Sterile Product Building, Facility and Clean Area Classification Guideline By USFDA

Sterile Product Building, Facility and  Clean Area Classification Guideline By USFDA has clearly mentioned what conditions to be followed to maintain the Sterile Conditions in Sterile Product Manufacturing site.

21 CFR 211.42(b) states, in part, that “The flow of components, drug product containers, closures, labeling, in-process materials, and drug products through the building or buildings shall be designed to prevent contamination.”

21 CFR 211.42(c) states, in part, that “Operations shall be performed within specifically defined areas of adequate size.  There shall be separate or defined areas or such other control systems for the firm’s operations as are necessary to prevent contamination or mixups during the course of the following procedures: * * * (10)  Aseptic processing, which includes as appropriate:  (i)  Floors, walls, and ceilings of smooth, hard surfaces that are easily cleanable; (ii) Temperature and humidity controls;  (iii)  An air supply filtered through high-efficiency particulate air filters under positive pressure, regardless of whether flow is laminar or nonlaminar; (iv) A system for monitoring environmental conditions;   (v) A system for cleaning and disinfecting the room and equipment to produce aseptic conditions; (vi) A system for maintaining any equipment used to control the aseptic conditions.”

21 CFR 211.46(b) states that “Equipment for adequate control over air pressure, micro-organisms, dust, humidity, and temperature shall be provided when appropriate for the manufacture, processing, packing, or holding of a drug product.”   21 CFR 211.46(c) states, in part, that “Air filtration systems, including prefilters and particulate matter air filters, shall be used when appropriate on air supplies to production areas * * *.”

21 CFR 211.63 states that “Equipment used in the manufacture, processing, packing, or holding of a drug product shall be of appropriate design, adequate size, and suitably located to facilitate operations for its intended use and for its cleaning and maintenance.”   21 CFR 211.65(a) states that “Equipment shall be constructed so that surfaces that contact components, inprocess materials, or drug products shall not be reactive, additive, or absorptive so as to alter the safety, identity, strength, quality, or purity of the drug product beyond the official or other established requirements.” 21 CFR 211.67(a) states that “Equipment and utensils shall be cleaned, maintained, and sanitized at appropriate intervals to prevent malfunctions or contamination that would alter the safety, identity, strength, quality, or purity of the drug product beyond the official or other established requirements.” 21 CFR 211.113(b) states that “Appropriate written procedures, designed to prevent microbiological contamination of drug products purporting to be sterile, shall be established and followed.  Such procedures shall include validation of any sterilization process.”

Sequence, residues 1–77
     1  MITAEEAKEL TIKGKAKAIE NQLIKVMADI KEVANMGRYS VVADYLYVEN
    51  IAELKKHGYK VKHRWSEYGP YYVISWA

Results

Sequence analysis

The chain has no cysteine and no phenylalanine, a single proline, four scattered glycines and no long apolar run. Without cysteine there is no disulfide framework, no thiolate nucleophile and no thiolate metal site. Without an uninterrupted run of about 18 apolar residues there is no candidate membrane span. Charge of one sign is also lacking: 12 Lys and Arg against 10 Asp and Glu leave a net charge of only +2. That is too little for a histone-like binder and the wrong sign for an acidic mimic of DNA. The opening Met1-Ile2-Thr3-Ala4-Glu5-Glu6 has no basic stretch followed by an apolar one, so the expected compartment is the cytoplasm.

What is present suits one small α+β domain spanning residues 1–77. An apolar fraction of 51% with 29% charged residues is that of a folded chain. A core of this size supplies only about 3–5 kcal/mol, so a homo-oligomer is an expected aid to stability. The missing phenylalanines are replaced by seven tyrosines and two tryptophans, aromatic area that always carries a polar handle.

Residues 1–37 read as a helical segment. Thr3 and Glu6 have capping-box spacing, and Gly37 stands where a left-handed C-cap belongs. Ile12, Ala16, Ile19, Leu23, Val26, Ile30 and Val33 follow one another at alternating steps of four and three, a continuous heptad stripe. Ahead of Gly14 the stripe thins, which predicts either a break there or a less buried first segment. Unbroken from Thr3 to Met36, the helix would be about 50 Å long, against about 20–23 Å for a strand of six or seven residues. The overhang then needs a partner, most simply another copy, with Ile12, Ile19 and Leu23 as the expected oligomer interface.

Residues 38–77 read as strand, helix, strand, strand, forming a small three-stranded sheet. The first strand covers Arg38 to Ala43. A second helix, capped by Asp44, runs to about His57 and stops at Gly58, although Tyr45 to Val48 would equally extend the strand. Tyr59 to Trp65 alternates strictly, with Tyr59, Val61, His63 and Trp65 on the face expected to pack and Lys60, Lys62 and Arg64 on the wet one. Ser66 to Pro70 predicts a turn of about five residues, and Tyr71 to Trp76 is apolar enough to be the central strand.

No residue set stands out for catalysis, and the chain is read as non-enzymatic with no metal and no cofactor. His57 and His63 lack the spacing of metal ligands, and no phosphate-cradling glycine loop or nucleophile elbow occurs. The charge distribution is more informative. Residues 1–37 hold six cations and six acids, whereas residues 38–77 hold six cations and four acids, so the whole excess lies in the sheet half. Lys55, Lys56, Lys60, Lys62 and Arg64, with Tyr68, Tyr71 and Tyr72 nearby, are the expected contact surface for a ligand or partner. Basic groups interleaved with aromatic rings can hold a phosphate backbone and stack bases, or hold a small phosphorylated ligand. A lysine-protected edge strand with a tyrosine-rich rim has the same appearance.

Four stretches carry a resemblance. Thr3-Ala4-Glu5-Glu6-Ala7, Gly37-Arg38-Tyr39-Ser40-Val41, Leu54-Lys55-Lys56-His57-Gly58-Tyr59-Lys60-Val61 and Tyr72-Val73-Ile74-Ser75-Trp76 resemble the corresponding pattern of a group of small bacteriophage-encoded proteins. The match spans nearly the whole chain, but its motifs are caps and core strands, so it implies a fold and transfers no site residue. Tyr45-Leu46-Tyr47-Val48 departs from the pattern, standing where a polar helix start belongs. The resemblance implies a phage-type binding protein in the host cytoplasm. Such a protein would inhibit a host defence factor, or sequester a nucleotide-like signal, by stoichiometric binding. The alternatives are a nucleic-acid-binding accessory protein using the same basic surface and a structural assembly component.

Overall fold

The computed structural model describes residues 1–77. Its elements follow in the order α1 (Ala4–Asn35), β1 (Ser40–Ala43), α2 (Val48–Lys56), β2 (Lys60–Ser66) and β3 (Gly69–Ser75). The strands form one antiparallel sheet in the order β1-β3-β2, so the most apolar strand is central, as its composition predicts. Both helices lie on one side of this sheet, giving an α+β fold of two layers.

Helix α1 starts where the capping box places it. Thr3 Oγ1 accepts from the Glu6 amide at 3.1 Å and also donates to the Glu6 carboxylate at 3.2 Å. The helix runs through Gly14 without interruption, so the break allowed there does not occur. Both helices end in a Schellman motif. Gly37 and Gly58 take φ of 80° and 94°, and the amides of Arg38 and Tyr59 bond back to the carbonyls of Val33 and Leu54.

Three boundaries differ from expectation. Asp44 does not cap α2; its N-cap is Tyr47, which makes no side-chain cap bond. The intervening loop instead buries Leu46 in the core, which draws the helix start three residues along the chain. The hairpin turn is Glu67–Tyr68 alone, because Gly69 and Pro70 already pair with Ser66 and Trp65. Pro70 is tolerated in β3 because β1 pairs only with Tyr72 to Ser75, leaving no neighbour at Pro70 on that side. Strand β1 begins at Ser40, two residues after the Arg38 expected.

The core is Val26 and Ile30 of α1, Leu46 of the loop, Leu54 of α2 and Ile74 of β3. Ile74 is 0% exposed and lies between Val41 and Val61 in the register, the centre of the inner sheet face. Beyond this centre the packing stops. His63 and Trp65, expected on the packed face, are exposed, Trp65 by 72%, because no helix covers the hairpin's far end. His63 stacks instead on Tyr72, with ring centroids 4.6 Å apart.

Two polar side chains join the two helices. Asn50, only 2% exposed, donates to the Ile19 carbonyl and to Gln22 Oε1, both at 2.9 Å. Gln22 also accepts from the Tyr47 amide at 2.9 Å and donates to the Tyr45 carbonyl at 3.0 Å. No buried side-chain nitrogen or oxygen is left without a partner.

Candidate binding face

As provided for in the regulations, separate or defined areas of operation in an aseptic processing facility should be appropriately controlled to attain different degrees of air quality depending on the nature of the operation.  Design of a given area involves satisfying microbiological and particle criteria as defined by the equipment, components, and products exposed, as well as the operational activities conducted in the area. 

Clean area control parameters should be supported by microbiological and particle data obtained during qualification studies.  Initial cleanroom qualification includes, in part, an assessment of air quality under as-built, static conditions.  It is important for area qualification and classification to place most emphasis on data generated under dynamic conditions (i.e., with personnel present, equipment in place, and operations ongoing).  An adequate aseptic processing facility monitoring program also will assess conformance with specified clean area classifications under dynamic conditions on a routine basis.

The following table summarizes clean area air classifications and recommended action levels of microbiological quality (Ref. 1).

TABLE 1- Air Classifications

 Clean Area Classification (0.5 um particles/ft3)ISO  Designationb> 0.5 µm particles/m3Microbiological Active Air Action Levelsc (cfu/m3 )Microbiological Settling Plates Action Levelsc,d (diam. 90mm; cfu/4 hours)

a- All classifications based on data measured in the vicinity of exposed materials/articles during periods of activity.  b- ISO 14644-1 designations provide uniform particle concentration values for cleanrooms in multiple industries.  An ISO 5 particle concentration is equal to Class 100 and approximately equals EU Grade A. c- Values represent recommended levels of environmental quality.  You may find it appropriate to establish alternate microbiological action levels due to the nature of the operation or method of analysis.

  • The additional use of settling plates is optional.
  • Samples from Class 100 (ISO 5) environments should normally yield no microbiological contaminants.